Hola! We are Edd & Cynthia Staton. Since our move abroad in 2010 to Cuenca, Ecuador from Las Vegas, we have enjoyed a blessed life filled with adventure, good health, and happiness beyond our wildest dreams.
1. Why did you move abroad?
We are casualties of the Economic Tsunami that swept the globe in 2008. Almost overnight our careers vanished, our beautiful home lost 2/3rds of its value, and our investments were in freefall. After living for months on shrinking savings, we decided to take the assets we had left and retire early to someplace with a lower cost of living where we could thrive instead of merely survive. That place was Cuenca. Our outside-the-box solution to rescue our retirement was one of the best decisions we’ve ever made!
2. How do you make a living?
We published 3 Amazon best-selling books about our expat experiences that hit #1 in 10 different categories from retirement planning to travel writing to self-help to comedy. We are creators of a Master Course called Retirement Reimagined! Teaching Baby Boomers with insufficient savings how to successfully retire abroad.
3. How often do you communicate with home and how?
We visit with our grandchildren in the States several times each week via Skype video calls.
4. What's your favorite thing about being an expat in Ecuador?
When it comes to climate we are “Goldilocks people”—not too hot and not too cold. Besides a low cost of living, what drew us to Cuenca is the year-round spring-like weather. Many assume that because Ecuador is on the equator (hence its name) the temperatures must be blazing hot. Since Cuenca sits high in the Andes at 8400 feet, the grass is always green and the flowers are always blooming. We love it!
5. What’s the worst thing about being an expat in Ecuador?
When life is as fulfilling as ours “worst” is a relative term. While Ecuador certainly holds no monopoly on the “mañana culture,” this aspect of Latin American life is often a challenge for North Americans accustomed to things happening now instead of whenever. With barking dogs, the occasional rooster, car alarms, house alarms, and all night parties, this certainly isn’t the quietest place to live. Living life loud seems to be the norm here.
6. What do you miss most?
Since we visit our family in the States two or three times a year for weeks at a time, after almost a decade of expat life there’s really not much we miss. The few products we enjoy that aren’t available here come home with us in our suitcases.
7. What did you do to meet people and integrate in your new home?
Since we were part of the first wave of foreigners who arrived in Cuenca in 2010 there was no established expat community or infrastructure. A single Gringo Night once a week at a bar was the beginning of many new friendships. People you met there introduced you to other people who invited you to parties and in no time your social calendar was absolutely packed. It was an amazing experience.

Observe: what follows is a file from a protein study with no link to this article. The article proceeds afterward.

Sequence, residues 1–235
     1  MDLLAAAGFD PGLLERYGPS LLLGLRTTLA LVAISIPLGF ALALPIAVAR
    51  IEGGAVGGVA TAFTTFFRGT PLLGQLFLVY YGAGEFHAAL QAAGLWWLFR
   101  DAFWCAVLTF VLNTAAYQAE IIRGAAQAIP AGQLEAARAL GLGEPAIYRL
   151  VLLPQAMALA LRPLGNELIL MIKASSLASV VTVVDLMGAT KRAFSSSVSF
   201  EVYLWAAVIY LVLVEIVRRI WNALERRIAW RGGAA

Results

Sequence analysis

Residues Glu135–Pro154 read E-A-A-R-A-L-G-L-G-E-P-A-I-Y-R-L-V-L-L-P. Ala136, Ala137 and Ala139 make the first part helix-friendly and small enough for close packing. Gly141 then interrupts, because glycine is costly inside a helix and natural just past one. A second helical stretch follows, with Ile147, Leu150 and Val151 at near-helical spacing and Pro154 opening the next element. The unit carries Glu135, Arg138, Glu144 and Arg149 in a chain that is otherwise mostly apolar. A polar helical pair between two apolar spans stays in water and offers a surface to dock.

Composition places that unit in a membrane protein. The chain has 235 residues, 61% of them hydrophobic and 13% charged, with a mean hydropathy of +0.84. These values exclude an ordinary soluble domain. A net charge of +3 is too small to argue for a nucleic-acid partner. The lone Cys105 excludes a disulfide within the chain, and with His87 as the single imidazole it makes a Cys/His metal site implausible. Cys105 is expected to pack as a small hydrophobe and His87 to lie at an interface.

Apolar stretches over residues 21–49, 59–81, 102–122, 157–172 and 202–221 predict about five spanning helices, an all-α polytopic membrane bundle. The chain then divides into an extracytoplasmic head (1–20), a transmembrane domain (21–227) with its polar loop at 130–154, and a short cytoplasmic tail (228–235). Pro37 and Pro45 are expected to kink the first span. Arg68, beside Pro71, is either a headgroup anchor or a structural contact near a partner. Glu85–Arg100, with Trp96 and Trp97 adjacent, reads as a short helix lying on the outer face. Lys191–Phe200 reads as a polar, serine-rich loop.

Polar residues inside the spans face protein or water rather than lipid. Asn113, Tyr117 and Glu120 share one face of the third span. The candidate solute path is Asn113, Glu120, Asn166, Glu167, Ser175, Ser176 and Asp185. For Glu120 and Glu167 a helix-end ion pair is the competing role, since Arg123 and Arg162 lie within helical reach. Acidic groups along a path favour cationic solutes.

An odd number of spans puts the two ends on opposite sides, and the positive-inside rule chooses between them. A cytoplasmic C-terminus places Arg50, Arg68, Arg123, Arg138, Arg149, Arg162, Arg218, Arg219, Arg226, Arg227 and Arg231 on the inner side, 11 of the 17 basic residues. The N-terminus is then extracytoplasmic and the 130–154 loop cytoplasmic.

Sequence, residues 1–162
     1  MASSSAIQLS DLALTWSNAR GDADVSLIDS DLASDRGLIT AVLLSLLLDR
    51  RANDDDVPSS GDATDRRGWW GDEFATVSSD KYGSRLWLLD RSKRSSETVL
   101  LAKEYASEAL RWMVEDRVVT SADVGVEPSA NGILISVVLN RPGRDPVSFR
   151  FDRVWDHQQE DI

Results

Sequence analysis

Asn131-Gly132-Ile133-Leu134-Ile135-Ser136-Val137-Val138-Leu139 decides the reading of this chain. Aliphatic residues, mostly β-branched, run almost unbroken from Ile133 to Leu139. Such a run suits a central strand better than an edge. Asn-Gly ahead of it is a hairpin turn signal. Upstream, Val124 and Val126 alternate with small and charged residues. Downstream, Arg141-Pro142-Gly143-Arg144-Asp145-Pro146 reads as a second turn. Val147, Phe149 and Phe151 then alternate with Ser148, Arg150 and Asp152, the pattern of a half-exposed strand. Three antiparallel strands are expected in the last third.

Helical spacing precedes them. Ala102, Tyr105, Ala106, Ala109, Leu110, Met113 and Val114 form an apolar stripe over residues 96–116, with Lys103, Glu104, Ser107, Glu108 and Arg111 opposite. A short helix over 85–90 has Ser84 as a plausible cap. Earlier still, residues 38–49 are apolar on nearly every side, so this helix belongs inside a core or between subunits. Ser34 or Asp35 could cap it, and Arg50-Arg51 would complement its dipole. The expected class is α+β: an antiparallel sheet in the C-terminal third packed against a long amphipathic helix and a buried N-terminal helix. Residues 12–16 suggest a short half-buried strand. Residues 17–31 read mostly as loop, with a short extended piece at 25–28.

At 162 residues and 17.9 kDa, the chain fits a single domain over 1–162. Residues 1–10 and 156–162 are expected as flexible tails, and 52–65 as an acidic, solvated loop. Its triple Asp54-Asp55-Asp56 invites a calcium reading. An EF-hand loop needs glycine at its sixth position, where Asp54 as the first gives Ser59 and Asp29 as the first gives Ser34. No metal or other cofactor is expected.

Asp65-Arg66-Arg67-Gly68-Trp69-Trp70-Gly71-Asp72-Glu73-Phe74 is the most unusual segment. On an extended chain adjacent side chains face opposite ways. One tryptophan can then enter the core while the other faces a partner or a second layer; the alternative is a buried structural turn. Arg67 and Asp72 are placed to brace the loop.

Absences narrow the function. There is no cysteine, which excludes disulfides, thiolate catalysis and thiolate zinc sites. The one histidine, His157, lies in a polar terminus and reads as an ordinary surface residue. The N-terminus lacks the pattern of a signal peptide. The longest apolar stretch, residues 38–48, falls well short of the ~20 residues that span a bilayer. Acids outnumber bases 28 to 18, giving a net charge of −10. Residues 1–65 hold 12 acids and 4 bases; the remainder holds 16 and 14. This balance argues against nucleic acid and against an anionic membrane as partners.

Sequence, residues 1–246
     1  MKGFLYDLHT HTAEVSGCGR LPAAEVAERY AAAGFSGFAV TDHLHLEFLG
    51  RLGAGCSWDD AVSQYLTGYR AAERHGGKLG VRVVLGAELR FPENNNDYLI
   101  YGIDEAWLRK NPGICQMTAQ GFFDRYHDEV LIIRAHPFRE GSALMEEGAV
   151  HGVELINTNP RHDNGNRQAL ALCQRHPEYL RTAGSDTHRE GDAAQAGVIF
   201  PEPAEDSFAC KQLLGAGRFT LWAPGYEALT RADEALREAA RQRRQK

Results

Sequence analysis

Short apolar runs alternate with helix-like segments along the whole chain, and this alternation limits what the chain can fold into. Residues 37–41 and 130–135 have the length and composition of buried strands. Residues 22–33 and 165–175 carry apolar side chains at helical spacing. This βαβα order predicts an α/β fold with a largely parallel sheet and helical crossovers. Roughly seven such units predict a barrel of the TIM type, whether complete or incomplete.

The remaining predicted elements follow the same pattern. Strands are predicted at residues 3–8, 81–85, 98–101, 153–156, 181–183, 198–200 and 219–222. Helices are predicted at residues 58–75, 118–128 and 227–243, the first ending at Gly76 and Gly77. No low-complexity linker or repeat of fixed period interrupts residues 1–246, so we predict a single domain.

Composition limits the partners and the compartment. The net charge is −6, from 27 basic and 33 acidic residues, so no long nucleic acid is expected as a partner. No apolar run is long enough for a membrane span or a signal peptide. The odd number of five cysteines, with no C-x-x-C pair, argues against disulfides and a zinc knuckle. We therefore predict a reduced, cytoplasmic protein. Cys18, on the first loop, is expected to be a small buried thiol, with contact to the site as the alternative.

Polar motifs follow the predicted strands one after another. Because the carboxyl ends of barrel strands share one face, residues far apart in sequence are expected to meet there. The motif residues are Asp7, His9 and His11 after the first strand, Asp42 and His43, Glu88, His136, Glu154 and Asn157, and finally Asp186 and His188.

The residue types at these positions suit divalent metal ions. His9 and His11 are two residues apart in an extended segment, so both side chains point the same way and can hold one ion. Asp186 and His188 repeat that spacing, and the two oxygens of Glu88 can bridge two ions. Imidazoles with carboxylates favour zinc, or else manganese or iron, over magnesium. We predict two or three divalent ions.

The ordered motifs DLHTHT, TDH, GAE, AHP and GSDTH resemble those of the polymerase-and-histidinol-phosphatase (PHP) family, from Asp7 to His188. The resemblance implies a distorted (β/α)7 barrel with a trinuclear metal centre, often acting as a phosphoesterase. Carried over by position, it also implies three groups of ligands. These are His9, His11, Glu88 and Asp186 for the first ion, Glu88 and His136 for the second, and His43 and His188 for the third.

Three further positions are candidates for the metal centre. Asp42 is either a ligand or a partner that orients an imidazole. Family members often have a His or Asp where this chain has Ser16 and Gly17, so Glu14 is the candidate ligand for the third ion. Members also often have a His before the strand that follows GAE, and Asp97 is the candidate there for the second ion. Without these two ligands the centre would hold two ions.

8. What custom/ habits do you find most strange about your adopted culture?
Whenever you arrive and leave a local gathering a man shakes every male hand and kisses every female cheek. A woman kisses everybody’s cheek. If it’s a big group this can become almost exhausting! Even though no one is ever on time for anything, people drive like they’re in a major hurry to get wherever they’re going. Maybe they’re really late…
9. What is a myth about your adopted country?
No one thinks about Ecuador enough for a myth to have come into being. But if enough people did they’d probably assume that it’s an unsafe 3rd world backwater country where locals live in grass huts and ride donkeys. Ecuador is extremely safe and filled with kind, generous people. Also, because there are a number of universities in Cuenca, many locals have access to higher education, live in well-kept homes, drive cars, and have better cell phones than we do.
10. Is the cost of living higher or lower than the last country you lived in and how has that made a difference in your life?
We enjoy an extremely non-frugal lifestyle on a Social Security budget. Penthouse apartment, eating out whenever we want, gym and yoga studio memberships, spa treatments, fresh flowers, a weekly housekeeper. None of this would have been possible in the States.
11. What advice would you give other expats?
Create a Wish List of what’s most important to you before you start randomly looking at countries. Don’t choose a place simply because it reminds you of where you like to vacation. And take a scouting trip to your top pick before you pull the trigger.
12. When and why did you start your blog?
Edd started blogging over 10 years ago for something to do when he was unemployed.
When he began writing about moving to Ecuador the blog unexpectedly exploded in popularity, at one time being read by thousands of people in over 30 countries. Today we write together about retirement and expat life.
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